“Obviously people look at our bench and say it’s a risk, but for us it’s a calculated risk,” Nienaber said. “There are guys on that bench who cover various positions, but that is not something I’d like to go into too much because it is probably more tactical.
“I don’t want to talk too much about tactics. We have a lot of versatility in the squad and we showed that on the weekend by playing four nines [scrumhalves]. But we are comfortable with the risk we are taking.
“Ireland are the No 1 team in the world, they are a quality outfit. We don’t think there are a lot of weaknesses in their game and, as they’ve mentioned, this is probably one of the games you want to play in – the No 1 in the world playing the world champions.
That’s the exciting part, to see if our plans will work against them. Will we be able to handle the pressure they put us under?
“If you look at Ireland’s team and their consistency of performance, there has not been a lot of weakness over the past few months. We expect a proper Test match of the calibre of the No 1 and 2 teams playing against each other.
“If you look at their squad versus our squad, you’re probably going to find that they have a very experienced squad, probably between 29 or 30 years of age. We’re probably between 29 and 30 years of age.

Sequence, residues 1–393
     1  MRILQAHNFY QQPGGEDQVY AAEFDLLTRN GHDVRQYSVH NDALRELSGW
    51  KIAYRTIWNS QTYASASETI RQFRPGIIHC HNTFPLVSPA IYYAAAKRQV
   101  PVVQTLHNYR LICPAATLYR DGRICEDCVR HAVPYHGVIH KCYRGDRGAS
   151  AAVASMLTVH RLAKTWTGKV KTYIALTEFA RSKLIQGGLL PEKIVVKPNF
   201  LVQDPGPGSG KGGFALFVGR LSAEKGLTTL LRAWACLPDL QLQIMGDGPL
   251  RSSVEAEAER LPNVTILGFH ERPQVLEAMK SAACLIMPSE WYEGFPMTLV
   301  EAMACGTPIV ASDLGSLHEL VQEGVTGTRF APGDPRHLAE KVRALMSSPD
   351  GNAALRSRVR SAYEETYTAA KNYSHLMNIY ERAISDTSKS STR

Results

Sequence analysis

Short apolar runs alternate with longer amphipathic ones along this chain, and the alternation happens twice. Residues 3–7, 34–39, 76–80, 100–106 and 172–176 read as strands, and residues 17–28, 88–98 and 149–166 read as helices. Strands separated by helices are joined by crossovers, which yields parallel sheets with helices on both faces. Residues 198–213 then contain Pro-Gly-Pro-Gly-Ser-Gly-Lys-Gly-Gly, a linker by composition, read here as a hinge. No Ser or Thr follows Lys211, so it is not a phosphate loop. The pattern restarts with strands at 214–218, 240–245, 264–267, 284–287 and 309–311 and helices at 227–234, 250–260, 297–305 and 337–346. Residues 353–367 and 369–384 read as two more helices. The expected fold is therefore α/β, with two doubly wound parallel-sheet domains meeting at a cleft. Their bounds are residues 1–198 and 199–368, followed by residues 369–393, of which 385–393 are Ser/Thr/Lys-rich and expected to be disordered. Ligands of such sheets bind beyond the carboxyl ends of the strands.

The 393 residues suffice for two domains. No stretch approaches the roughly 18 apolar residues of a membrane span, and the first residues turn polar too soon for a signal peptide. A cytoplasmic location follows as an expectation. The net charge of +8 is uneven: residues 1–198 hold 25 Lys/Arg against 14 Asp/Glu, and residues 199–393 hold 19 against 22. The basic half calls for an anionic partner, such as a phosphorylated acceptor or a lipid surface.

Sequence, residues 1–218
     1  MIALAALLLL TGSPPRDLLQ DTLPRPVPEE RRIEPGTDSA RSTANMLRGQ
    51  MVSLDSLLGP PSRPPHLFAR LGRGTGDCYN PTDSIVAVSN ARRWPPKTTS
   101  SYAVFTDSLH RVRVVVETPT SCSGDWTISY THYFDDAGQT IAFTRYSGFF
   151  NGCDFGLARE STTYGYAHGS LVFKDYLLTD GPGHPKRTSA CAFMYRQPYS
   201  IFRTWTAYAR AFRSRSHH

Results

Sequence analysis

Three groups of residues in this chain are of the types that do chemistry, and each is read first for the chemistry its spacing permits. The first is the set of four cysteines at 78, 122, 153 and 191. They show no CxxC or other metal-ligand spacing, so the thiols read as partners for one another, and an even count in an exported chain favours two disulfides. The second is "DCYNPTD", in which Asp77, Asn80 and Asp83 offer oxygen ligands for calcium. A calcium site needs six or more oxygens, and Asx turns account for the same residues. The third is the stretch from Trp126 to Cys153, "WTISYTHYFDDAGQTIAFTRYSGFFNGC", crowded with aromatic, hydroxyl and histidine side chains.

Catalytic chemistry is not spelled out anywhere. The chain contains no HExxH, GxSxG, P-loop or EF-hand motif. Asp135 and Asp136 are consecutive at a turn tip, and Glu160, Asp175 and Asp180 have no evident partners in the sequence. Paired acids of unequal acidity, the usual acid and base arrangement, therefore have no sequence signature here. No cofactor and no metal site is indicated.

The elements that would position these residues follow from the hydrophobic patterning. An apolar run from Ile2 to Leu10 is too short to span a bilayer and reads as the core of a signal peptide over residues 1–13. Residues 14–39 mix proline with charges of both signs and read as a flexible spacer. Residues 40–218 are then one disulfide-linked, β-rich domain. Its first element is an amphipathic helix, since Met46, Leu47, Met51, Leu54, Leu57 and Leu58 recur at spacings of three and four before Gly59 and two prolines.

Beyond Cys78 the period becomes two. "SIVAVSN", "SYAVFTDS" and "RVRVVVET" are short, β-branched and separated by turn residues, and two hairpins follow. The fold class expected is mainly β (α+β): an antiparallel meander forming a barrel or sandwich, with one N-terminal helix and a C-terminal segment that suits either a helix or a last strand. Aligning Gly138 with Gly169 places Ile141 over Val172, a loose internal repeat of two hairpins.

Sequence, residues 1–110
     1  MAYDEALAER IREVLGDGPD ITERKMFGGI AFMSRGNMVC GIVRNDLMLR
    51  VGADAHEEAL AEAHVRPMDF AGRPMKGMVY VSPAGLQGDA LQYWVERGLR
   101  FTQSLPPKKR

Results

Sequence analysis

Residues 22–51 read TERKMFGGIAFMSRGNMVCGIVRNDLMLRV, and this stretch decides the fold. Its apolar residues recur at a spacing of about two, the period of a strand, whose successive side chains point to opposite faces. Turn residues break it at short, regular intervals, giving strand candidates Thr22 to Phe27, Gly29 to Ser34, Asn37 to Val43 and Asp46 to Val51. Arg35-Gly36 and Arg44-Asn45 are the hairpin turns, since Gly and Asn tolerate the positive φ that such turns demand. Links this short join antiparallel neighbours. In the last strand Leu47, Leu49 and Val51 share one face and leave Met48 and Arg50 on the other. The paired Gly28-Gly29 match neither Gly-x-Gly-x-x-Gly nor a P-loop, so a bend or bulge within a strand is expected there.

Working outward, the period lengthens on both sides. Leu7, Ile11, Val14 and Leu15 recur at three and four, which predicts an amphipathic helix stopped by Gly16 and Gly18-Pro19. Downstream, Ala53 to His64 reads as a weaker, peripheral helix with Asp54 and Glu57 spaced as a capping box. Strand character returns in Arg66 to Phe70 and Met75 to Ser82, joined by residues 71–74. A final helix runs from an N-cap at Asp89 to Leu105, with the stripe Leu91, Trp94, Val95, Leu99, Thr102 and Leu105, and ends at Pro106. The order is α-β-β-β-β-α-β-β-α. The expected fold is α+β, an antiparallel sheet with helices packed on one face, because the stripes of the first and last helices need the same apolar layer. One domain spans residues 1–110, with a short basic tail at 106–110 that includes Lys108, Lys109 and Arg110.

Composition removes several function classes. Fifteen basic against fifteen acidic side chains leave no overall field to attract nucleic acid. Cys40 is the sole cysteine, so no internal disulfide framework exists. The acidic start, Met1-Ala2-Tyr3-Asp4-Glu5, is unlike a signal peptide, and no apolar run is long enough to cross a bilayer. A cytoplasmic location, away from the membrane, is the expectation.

“If you look at the amount of test cap experience we have on average per player, it will probably be between 40 and 45. If they select the guys that we think they’re going to select, it will also be around about 40 or 45.
“It’s going to be a clash of two teams that have good experience; good, cool, calm heads. They will be similar in the amount of guys that are over 30, so I think it’s two squads that will be very well matched on the day.
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“That’s the exciting part, to see if our plans will work against them. Will we be able to handle the pressure they put us under? There will be ebbs and flows in the game. Will they be able to handle the pressure that’s on them? Because at the end of the day this is an important game for both teams.
“It’s only the third game of the pool, but if Ireland slip up in this game, their Scotland game becomes massive. (If) we slip against them in this game, our Tonga game becomes massive.
“So, there will be pressure in this game. It’s exciting to see how the players will handle it.” DM